We don’t know exactly what will be most effective, but we do know that things are not working now (and haven’t been working for a long time). We can’t delay structural reforms in policing and criminal justice by demanding evidence that could be years in the making because lives are on the line. Lack of evidence for changes proposed by communities should not be an argument for inaction: most policies that are upholding the status-quo are not based on evidence and are resulting in negative consequences for Black and Brown people, and the inadequate supply of evidence is a direct result of systemic disinvestment in building actionable evidence. We need quick action from federal, state and local governments that are informed by community voices, needs, and context, along with the evidence that we do have.
While we can’t wait for evidence to pursue systemic reforms, we have to consider that not all changes will be effective for everyone, everywhere, and their implementation will vary. We will need to collect data and build evidence that allows communities and organizations to track and measure progress, make adaptations, advocate for their needs, and inform future policy.
To increase the supply of solutions that reduce racial disparities and produce outcomes for Black communities and for people of color, we have to change the way we fund, build, and share evidence. Evidence building should center the voices of the people and communities most directly impacted by the problems we seek to solve.
Evidence doesn’t just come from a formal impact evaluation or statistical analyses of quantitative data. Evidence is not just about answering yes/no questions (like does this work or not), but also about assessing needs and understanding what works for whom and why. Evidence is not about compliance, but about shared accountability, learning, and continuous improvement. What counts as evidence? Evidence is a combination of quantitative and qualitative data that can answer questions and drive decisions of different magnitude.
Like most of the systems in our society, the current evidence ecosystem is not equitable. Organizations and practitioners that serve marginalized communities are not empowered or equipped to build and drive their evidence agenda, and to decide what type of learning questions to pursue and when. Government and philanthropic funders rarely help nonprofits or public agencies build the critical capacity and infrastructure needed for ongoing R&D, learning and continuous improvement. The problem is particularly acute for small community-based nonprofits led by people of color, those that often serve the most marginalized people but are shut out of elite funding circles. For example, a recent report found that among groups focused on improving life outcomes of Black men, revenue at organizations with Black leaders was 45 percent lower than at groups led by whites. In addition, nonprofit leadership and boards remain overwhelmingly white.
As we’ve outlined in a recent post, a stronger, more equitable ecosystem is necessary to increase the supply of solutions that reduce racial disparities. We need to empower and equip our education and social sector leaders and practitioners to devise and test solutions that are informed by the needs of Black and Brown communities. We need to build a stronger pipeline of Black and Brown leaders who can leverage their lived experiences to strengthen the evidence base of social programs. And we need to help leaders systematically incorporate the voices of Black and Brown staff and community members throughout the evidence-building process. This includes making decisions about what questions to ask, what outcomes to measure, how to collect and analyze data, and how to interpret evidence.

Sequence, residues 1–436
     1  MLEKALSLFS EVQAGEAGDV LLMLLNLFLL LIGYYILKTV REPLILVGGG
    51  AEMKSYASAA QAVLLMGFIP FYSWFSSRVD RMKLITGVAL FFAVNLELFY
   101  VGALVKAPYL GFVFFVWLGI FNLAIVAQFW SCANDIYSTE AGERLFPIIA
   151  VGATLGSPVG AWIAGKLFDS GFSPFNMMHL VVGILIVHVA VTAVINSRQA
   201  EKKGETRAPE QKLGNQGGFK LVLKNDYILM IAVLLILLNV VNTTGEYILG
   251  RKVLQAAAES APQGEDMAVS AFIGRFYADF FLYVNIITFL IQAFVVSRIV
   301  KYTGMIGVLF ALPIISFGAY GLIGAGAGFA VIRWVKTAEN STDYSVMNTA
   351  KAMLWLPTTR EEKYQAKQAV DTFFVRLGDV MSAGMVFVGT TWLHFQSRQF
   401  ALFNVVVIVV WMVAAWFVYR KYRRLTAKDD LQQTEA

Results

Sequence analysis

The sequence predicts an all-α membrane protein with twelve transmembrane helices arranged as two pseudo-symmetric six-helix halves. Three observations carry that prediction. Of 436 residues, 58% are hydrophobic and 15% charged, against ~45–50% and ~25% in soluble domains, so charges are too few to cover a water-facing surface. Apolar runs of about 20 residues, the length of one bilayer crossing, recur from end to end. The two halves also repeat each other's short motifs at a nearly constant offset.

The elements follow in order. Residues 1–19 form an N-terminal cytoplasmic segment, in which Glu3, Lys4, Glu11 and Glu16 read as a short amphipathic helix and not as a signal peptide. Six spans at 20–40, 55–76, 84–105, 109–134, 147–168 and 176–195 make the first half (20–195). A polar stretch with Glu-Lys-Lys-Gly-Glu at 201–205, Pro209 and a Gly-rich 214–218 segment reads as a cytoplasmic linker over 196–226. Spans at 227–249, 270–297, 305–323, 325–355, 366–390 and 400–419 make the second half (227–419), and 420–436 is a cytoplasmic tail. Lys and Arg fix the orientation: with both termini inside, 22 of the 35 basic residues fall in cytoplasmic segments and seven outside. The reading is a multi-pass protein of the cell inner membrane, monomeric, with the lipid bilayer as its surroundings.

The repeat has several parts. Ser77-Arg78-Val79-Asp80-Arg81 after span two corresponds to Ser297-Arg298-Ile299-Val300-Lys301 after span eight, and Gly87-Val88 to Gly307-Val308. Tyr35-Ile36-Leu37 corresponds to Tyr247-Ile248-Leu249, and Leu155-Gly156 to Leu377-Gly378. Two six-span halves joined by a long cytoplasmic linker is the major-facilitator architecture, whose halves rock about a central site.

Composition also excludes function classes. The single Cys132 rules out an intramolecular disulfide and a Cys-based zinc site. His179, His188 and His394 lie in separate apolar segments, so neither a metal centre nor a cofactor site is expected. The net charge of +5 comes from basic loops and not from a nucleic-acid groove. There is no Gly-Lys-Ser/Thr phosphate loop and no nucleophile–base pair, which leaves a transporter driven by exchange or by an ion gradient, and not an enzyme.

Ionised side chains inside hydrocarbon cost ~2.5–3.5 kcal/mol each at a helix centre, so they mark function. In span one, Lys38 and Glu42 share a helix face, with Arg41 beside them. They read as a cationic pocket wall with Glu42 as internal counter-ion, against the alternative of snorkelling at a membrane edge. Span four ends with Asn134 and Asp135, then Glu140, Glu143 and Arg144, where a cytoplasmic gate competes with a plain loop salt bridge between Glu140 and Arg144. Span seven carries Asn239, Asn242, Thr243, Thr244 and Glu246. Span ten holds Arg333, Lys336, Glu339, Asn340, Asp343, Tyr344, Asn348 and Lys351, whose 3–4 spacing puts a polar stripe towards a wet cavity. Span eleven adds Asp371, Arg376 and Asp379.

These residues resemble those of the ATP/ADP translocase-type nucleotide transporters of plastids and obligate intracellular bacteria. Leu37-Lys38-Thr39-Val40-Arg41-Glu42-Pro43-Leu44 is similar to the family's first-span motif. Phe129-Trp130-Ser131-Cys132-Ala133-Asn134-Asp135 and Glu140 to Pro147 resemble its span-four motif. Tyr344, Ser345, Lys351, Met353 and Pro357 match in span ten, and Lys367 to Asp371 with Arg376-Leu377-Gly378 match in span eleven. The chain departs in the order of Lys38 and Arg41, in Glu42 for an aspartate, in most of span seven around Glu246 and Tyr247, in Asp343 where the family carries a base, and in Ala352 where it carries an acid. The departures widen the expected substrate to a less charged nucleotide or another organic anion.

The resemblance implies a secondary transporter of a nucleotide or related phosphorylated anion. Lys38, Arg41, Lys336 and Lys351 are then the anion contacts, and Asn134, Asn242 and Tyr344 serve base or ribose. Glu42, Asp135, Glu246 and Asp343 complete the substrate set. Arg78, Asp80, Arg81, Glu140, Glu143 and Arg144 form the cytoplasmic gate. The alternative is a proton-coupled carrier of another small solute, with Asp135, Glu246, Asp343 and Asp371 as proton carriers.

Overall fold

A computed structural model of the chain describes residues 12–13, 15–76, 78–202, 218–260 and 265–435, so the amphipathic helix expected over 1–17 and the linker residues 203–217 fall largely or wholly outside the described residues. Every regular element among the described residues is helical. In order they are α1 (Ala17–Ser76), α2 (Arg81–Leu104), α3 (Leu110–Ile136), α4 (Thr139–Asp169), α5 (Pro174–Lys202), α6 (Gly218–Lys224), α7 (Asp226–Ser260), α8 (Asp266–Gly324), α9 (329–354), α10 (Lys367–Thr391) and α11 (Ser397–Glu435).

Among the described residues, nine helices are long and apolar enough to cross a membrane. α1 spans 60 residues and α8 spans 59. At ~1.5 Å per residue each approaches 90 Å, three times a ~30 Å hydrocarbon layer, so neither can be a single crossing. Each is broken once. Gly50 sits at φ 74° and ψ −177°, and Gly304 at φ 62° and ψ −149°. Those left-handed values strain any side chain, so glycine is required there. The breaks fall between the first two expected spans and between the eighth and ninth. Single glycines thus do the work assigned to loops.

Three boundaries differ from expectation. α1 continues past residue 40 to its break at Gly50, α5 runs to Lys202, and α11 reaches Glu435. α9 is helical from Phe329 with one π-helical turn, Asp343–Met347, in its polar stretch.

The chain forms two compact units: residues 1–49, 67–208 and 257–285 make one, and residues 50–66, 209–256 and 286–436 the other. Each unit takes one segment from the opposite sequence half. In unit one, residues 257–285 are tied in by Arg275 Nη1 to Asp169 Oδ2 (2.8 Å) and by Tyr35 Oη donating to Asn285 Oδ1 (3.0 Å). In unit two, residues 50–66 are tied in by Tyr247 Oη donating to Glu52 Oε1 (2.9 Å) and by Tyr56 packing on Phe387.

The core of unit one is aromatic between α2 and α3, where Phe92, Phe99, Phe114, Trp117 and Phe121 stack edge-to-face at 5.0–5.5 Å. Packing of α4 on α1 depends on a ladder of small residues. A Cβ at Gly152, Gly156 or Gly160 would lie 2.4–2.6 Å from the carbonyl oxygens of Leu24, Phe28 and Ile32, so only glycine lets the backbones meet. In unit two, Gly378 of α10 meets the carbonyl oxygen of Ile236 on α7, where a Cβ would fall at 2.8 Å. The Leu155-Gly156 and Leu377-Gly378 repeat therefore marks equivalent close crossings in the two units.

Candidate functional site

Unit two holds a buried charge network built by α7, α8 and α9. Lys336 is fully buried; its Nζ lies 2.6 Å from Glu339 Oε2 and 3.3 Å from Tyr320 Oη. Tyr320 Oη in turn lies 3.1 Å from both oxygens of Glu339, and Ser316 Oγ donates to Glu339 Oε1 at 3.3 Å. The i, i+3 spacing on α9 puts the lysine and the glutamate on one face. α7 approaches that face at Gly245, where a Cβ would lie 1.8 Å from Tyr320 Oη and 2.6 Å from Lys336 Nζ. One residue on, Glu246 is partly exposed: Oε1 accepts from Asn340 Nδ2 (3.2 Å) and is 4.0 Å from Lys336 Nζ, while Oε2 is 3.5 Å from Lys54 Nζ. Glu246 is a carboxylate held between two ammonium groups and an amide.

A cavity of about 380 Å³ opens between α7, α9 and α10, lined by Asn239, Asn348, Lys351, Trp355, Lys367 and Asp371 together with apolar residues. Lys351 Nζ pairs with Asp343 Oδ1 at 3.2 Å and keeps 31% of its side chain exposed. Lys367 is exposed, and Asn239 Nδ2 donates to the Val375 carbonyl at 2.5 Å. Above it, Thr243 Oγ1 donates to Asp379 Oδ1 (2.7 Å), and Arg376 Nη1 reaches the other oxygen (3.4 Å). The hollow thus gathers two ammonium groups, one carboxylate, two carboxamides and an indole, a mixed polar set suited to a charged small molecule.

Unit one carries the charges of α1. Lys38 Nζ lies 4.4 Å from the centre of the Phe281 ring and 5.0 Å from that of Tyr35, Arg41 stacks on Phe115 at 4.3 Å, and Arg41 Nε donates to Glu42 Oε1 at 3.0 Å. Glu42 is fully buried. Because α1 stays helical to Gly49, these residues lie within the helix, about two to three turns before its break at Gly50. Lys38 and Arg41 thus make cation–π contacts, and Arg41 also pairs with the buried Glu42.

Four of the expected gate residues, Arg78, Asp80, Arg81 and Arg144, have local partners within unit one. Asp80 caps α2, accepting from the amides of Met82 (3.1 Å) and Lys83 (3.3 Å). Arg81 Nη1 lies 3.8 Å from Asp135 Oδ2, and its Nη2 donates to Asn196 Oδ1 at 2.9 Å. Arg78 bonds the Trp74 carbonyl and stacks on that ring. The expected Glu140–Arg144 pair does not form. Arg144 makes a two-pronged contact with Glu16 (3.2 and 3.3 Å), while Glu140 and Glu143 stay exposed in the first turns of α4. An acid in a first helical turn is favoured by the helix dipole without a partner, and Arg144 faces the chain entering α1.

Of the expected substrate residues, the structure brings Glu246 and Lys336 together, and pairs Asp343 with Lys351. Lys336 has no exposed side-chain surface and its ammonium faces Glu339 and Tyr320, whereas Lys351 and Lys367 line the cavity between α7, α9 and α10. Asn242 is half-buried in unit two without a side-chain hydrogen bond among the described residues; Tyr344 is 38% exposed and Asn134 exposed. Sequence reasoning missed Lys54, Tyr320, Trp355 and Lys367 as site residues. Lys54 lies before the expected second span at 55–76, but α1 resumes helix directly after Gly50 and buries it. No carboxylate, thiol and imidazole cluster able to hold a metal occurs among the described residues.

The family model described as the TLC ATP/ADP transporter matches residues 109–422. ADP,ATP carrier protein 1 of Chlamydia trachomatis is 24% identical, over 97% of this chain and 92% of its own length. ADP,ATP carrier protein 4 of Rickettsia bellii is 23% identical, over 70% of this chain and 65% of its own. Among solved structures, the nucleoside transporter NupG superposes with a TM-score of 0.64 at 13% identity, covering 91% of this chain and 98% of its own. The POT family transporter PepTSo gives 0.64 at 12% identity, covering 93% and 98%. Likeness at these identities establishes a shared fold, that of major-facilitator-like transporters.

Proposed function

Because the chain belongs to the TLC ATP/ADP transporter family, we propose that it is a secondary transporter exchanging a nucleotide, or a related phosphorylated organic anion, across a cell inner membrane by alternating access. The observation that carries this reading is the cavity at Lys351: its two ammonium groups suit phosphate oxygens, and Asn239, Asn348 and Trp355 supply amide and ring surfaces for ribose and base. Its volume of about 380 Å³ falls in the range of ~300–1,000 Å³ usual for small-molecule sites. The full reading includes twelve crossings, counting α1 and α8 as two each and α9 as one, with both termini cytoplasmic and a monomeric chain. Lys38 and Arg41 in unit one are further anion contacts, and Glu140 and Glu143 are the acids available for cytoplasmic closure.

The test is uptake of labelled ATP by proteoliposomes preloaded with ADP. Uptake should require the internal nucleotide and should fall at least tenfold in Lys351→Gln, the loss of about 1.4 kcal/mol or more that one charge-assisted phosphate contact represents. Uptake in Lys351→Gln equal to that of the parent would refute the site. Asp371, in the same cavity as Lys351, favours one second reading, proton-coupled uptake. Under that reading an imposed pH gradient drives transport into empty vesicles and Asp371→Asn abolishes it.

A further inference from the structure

Racism is deeply ingrained in the fabric of our country, and a complex interplay of individual, institutional, and systemic racism fuel the inequities experienced by Black and Brown people. We recognize that the discussion presented here is not comprehensive, and that it does not address different types of racism that lead to different types of disparities for different groups of color (like disciplinary practices at schools and biases in employer hiring practices, among others). We also recognize that data has been used as a weapon to uphold the status-quo and discriminate against communities, including the use of racialized and subjective algorithms for calculating credit scores, determining eligibility for housing and business loans, and predicting criminal risk.
But we strongly believe that data and evidence can be powerful tools in changing the status-quo. In recent months, we’ve seen the value of data and evidence in exposing the systemic racism in policing, bringing national attention to the problem, and increasing accountability. We have more work to unleash the potential of data and evidence in the education and social sector to address racism and inequities, and this will require centering our work on the voices of our Black and Brown communities.
Senior Evidence Advisor
Farhana Hossain is an independent social sector consultant, and a Senior Evidence Advisor at Project Evident. In her role, she provides strategic planning and technical assistance services to organizations on performance measurement, outcome evaluation, data visualization, and communications. Previously, she served as a Research Associate for MDRC for 7 years, where she led mixed-method implementation research for the evaluations of youth and workforce development programs, and developed communications strategies and products to educate public and private stakeholders about evidence-based policies and practices. Prior to MDRC, Farhana was a data journalist for The Washington Post and The New York Times for more than a decade. Farhana holds an MPA in public and nonprofit management and policy from New York University’s Wagner Graduate School of Public Service.